Are we talking about both partners being in the same department or the same university? These are very different things and raise different concerns.

Another issue. I know a case in which one partner got a job, while the second was shortlisted and was told they'll probably get an offer the next year. They also got a solid offer from another university. Since this is a "one in the hand, two in the bush" situation, the couple ended up working in different universities.

Derek Bowman

Ed: I think we're talking about both. I agree that they're different logistically and bureaucratically. Do you think they're different in terms of fairness/justifiability?


Derek: I think they can be. In a small department, I think students deserve that we strive against cliquishness and try to have multiple perspectives on students. Now, clearly being married is not a sufficient condition for having a joint perspective, it does often work out that way. So if I were running a small department I'd be concerned about spousal hires more than in a large department, and in both cases I think different departments are the easiest case to justify.

Note that I am concerned with the implications on students and day-to-day running of a department, not the meritocratic angle.


Hi Ed, I see your point of concern and it is a very important one. I tend to think, however, that things can be ran smoothly even in a small department by simply having clear boundaries and awareness of conflict of interests. To use the cliquishness reasoning against spousal hire, I feel, disadvantages academic couples. Cliques exist in every department, in every philosophical circle or group, but it is not used as a reason against hiring individuals. It does not seem right to use it as a reason against spousal hire.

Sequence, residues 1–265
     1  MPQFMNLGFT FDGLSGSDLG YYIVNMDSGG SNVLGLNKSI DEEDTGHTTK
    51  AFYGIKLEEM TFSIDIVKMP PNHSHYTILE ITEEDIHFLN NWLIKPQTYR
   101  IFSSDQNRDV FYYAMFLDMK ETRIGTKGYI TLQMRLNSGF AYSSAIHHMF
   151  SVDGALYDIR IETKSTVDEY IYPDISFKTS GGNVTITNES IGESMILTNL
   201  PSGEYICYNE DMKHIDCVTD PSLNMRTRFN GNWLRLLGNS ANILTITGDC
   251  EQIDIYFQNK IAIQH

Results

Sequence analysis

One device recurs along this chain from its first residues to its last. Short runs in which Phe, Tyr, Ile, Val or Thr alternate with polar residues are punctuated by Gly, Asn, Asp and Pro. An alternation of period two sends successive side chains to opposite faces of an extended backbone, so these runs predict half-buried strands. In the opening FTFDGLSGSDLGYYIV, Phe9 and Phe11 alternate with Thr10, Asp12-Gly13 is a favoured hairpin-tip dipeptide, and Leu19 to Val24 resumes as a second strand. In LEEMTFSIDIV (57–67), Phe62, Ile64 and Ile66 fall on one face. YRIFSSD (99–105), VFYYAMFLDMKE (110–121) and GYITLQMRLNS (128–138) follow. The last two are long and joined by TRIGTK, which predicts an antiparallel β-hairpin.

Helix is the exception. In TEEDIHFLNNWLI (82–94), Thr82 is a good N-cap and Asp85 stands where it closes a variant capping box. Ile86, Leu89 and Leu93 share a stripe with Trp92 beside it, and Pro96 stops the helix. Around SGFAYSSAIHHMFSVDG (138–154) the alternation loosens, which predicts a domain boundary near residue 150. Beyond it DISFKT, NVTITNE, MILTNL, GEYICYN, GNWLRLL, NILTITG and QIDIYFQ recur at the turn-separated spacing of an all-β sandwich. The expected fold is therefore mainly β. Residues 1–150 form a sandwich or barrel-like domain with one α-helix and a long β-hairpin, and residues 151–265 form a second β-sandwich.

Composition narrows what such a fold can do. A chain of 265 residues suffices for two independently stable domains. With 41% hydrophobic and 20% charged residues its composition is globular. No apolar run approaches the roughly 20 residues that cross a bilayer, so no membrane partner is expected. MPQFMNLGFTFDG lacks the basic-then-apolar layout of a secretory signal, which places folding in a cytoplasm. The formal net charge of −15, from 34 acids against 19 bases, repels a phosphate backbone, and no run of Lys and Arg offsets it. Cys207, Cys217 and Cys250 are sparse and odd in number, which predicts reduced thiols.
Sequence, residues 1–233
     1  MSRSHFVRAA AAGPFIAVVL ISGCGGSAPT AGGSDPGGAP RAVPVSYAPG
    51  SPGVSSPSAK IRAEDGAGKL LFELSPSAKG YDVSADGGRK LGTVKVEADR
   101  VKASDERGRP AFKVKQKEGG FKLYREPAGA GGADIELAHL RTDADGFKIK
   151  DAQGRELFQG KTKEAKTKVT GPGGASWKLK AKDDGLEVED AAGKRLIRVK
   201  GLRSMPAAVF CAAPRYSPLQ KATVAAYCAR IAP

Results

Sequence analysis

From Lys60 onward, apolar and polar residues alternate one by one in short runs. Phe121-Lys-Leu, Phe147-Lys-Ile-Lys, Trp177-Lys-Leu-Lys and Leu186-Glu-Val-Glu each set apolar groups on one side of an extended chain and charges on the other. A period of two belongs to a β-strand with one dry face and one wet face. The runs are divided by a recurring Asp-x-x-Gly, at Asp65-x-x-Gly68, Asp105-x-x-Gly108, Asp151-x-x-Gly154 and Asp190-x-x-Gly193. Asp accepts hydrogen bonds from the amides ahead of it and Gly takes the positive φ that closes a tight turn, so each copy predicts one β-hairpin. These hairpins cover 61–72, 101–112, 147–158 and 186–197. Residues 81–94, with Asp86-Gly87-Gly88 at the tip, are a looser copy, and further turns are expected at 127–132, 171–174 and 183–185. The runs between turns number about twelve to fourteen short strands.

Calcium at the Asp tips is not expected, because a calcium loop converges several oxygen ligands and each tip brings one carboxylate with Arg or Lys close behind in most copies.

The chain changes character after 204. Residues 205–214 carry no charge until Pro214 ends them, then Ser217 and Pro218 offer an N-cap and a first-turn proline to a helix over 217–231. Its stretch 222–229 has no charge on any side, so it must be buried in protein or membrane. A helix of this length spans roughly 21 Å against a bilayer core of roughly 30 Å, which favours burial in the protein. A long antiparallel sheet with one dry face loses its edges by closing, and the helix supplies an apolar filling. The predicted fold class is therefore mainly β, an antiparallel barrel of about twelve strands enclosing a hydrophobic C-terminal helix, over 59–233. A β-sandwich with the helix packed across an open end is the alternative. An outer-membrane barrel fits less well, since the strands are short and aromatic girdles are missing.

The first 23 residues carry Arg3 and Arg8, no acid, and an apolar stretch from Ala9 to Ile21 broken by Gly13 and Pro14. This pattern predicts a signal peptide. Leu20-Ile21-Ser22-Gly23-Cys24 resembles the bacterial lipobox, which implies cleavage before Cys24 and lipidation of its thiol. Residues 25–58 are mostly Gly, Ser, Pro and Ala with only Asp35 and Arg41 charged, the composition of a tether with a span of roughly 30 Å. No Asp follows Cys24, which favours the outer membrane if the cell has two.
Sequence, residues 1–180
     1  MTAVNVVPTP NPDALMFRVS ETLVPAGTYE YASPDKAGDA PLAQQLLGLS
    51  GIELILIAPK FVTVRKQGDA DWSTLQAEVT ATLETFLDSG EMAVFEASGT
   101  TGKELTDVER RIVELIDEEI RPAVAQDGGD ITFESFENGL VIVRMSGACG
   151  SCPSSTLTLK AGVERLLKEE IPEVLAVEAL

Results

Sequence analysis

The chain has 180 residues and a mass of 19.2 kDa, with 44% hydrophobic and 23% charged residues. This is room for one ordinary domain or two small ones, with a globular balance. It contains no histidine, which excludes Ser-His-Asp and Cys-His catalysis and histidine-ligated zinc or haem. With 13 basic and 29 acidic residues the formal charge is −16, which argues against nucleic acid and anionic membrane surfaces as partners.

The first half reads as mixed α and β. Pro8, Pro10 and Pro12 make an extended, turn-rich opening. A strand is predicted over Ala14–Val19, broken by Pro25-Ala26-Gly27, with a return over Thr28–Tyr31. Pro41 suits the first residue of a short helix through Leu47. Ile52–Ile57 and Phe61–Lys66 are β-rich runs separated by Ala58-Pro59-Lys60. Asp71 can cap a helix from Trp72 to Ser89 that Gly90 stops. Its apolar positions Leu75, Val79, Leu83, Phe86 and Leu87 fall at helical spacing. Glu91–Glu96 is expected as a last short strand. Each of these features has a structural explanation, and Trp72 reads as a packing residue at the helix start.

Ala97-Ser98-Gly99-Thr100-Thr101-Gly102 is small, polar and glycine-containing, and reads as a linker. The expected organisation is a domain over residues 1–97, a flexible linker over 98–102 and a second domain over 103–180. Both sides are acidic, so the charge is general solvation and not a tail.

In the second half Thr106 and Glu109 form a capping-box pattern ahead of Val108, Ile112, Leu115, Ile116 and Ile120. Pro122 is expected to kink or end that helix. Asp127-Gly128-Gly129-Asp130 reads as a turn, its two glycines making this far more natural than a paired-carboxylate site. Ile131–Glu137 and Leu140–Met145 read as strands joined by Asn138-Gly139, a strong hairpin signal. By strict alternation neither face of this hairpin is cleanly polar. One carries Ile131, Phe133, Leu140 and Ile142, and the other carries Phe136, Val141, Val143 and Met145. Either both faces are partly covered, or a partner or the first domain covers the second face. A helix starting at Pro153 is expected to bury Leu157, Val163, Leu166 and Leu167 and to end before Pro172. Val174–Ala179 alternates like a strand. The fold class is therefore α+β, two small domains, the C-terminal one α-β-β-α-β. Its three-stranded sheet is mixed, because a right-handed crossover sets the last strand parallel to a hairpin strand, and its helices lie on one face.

A Spouse

I think one reason people are resistant to spousal hires is because of the following. If the Philosophy Department, for example, hires someone who has a spouse who works in Economics, then a spousal hire will put the Philosopher's husband in the Economics Department. Now the Economics Department will lose momentum in their own efforts to hire someone in some specific area that they were hoping to hire in. When they go to the administration to ask for a line, the administration will say "you just got someone." What can they say in reply: "but he wasn't of our choosing"? In many small US Colleges and Universities (those without PhD programs in Philosophy, for example), that is the end of the Economics' Departments pursuit of a new line.


Dear Helen,

I'm still having trouble seeing how this would work in the Oxford context: Do you want spouses to be given CUF Fellowships? Or Stipendiary Lectureships?


Milena, that's of course the dilemma. I am not sure a hard and fast rule can work; it has to be a case-by-case decision process. But, much as I am in favor of academic couples (I am half of one), my gut in these cases is to favor the interests of other parties involved. I agree this means life becomes more complicated for the academic couple. It would be nice in such cases if nearby, similar, schools would coordinate, though hoping for this is in the realm of fantasy I suppose.